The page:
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Azatlyk, Central Square of Naberezhnye Chelny / DROM

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We transformed the square into a captivating, dynamic public space with multi-character environments and qualities that are inclusive of different groups of people. In place of the former central axis, we created a “city carpet” that functions as three squares, each with its own unique character: The Event Square is a paved urban space that is also used for weekly outdoor markets. The “Green Square” is for relaxing on the lawn and enjoying the seasonal landscaping by the city’s planting department. The Cultural Square has a renovated fountain and a new shallow pool for playing in water on hot days. This square is connected to the municipality and a movie theater that is located inside.  

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Skanderbeg Square / 51N4E

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The project’s landscaping was studied anew, and turned into a local ecosystem anticipating the creation of a new urban ecology for the city. Local species were chosen to increase the system’s natural resistance by reacting to ongoing climate change. Trees, shrubs and perennials were combined to foster urban biodiversity and control the city center’s microclimate. Albania’s nature’s richness in diverse species and varieties is thus valorized, allowing public space to assume bot recreational and educative functions.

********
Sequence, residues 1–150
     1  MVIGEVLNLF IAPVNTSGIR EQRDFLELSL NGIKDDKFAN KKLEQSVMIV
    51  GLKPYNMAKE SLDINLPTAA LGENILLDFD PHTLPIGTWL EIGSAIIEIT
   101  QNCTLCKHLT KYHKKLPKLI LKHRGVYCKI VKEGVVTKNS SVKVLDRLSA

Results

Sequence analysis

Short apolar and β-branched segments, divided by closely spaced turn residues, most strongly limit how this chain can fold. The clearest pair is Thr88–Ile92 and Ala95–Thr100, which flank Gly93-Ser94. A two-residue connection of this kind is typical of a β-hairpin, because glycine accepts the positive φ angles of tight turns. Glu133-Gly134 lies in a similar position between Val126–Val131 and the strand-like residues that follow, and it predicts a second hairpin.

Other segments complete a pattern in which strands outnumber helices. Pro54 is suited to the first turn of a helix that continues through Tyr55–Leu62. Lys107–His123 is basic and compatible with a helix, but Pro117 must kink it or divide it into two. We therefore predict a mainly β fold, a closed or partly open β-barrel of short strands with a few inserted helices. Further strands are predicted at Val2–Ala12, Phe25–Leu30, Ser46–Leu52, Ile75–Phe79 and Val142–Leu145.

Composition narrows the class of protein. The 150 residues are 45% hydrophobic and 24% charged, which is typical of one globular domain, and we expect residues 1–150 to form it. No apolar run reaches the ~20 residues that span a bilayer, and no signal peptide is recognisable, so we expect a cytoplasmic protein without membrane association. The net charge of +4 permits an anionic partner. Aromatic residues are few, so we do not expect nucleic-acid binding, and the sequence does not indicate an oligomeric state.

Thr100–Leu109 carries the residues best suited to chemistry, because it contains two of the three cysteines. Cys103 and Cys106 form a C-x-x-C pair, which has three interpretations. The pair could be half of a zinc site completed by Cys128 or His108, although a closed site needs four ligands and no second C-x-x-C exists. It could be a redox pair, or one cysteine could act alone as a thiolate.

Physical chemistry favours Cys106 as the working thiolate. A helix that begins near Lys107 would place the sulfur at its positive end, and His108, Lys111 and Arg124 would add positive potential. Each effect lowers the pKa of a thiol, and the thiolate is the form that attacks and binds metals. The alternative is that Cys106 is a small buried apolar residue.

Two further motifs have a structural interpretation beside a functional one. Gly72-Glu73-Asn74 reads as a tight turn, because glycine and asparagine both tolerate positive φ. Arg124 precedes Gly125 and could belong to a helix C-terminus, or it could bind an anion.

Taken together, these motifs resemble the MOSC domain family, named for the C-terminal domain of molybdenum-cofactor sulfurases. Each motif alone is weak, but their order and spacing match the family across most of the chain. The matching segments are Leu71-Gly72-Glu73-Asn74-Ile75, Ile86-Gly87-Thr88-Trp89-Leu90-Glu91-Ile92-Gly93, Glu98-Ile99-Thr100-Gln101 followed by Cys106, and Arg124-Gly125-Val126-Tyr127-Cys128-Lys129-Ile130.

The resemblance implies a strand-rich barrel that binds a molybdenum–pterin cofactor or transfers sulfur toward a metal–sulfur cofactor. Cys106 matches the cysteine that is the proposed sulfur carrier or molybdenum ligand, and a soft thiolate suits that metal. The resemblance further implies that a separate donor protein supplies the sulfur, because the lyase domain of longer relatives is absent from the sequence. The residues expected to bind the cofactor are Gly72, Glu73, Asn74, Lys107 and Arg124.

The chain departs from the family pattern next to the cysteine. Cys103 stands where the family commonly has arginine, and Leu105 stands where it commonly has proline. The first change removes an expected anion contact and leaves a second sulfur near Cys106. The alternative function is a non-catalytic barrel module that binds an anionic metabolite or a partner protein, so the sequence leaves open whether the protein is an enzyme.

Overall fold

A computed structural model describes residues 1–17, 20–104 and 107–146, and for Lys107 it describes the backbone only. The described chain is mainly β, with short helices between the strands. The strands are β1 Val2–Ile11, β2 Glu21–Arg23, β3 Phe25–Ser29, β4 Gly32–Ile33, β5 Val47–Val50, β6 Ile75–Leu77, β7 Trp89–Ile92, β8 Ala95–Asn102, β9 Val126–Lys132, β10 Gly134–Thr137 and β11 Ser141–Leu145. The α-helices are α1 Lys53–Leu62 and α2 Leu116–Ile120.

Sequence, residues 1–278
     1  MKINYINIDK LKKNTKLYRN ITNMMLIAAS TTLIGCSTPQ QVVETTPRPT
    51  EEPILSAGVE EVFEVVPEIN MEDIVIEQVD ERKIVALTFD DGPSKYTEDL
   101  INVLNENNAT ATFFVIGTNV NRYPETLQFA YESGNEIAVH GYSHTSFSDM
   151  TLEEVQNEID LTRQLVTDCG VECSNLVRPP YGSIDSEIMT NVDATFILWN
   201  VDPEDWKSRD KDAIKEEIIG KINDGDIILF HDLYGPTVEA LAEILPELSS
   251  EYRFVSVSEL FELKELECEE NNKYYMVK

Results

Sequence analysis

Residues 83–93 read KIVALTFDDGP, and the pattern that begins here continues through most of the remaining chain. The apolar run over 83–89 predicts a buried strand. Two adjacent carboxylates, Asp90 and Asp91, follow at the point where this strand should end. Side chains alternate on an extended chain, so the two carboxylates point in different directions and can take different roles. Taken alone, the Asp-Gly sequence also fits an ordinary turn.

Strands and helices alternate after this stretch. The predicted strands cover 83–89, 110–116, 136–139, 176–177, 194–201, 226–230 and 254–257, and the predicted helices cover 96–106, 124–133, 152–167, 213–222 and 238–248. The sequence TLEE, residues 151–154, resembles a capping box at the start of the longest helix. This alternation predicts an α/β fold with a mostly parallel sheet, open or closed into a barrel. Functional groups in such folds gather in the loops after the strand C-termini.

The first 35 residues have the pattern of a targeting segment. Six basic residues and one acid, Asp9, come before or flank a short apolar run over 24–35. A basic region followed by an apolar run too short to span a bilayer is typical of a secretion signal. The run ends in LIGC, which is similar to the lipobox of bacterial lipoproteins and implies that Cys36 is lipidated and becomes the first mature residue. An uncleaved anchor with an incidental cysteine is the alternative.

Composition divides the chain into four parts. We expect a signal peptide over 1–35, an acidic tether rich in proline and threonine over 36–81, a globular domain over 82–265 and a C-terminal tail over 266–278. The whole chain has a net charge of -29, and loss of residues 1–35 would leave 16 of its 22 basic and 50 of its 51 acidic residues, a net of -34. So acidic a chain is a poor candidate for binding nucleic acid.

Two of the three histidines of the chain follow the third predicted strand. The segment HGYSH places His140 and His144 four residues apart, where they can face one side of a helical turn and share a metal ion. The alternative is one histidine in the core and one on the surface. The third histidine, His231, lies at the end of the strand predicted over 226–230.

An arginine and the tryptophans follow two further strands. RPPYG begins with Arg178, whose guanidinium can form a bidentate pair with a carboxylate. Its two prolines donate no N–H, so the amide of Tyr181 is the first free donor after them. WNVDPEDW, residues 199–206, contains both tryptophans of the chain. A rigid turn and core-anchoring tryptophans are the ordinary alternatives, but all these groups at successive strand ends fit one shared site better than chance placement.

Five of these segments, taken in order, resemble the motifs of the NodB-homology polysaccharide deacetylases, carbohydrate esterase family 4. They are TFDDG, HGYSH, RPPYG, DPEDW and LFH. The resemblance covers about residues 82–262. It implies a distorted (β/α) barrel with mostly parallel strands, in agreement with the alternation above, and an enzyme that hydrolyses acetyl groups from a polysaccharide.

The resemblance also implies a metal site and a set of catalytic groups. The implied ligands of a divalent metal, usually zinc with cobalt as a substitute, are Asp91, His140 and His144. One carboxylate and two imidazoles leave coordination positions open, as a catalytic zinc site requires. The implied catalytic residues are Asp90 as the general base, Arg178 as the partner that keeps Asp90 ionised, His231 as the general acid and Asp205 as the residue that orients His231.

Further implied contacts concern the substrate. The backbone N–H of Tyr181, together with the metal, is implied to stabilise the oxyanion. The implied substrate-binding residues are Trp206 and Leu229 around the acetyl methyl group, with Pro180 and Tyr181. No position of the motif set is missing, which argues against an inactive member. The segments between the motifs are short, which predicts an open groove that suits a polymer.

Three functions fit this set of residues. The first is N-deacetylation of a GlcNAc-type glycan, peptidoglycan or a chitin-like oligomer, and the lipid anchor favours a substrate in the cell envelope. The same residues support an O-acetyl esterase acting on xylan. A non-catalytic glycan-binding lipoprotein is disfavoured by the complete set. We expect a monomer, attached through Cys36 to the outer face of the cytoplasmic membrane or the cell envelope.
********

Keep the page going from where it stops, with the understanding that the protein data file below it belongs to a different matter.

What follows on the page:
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Tainan Spring / MVRDV

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The mall’s underground parking level has been transformed into a sunken public plaza dominated by an urban pool and verdant local plants and surrounded by a shadowed arcade. The pool has been carefully planned to be a perfect gathering spot for all seasons: the water level will rise and fall in response to the rainy and dry seasons, and in hot weather mist sprayers will reduce the local temperature to provide welcome relief to visitors, reducing the use of air conditioning in the summer months. This space hosts playgrounds, gathering spaces, and a stage for performances, while the artful deconstruction of the building’s concrete frame has left a number of follies that can in due course be converted to shops, kiosks, and other amenities.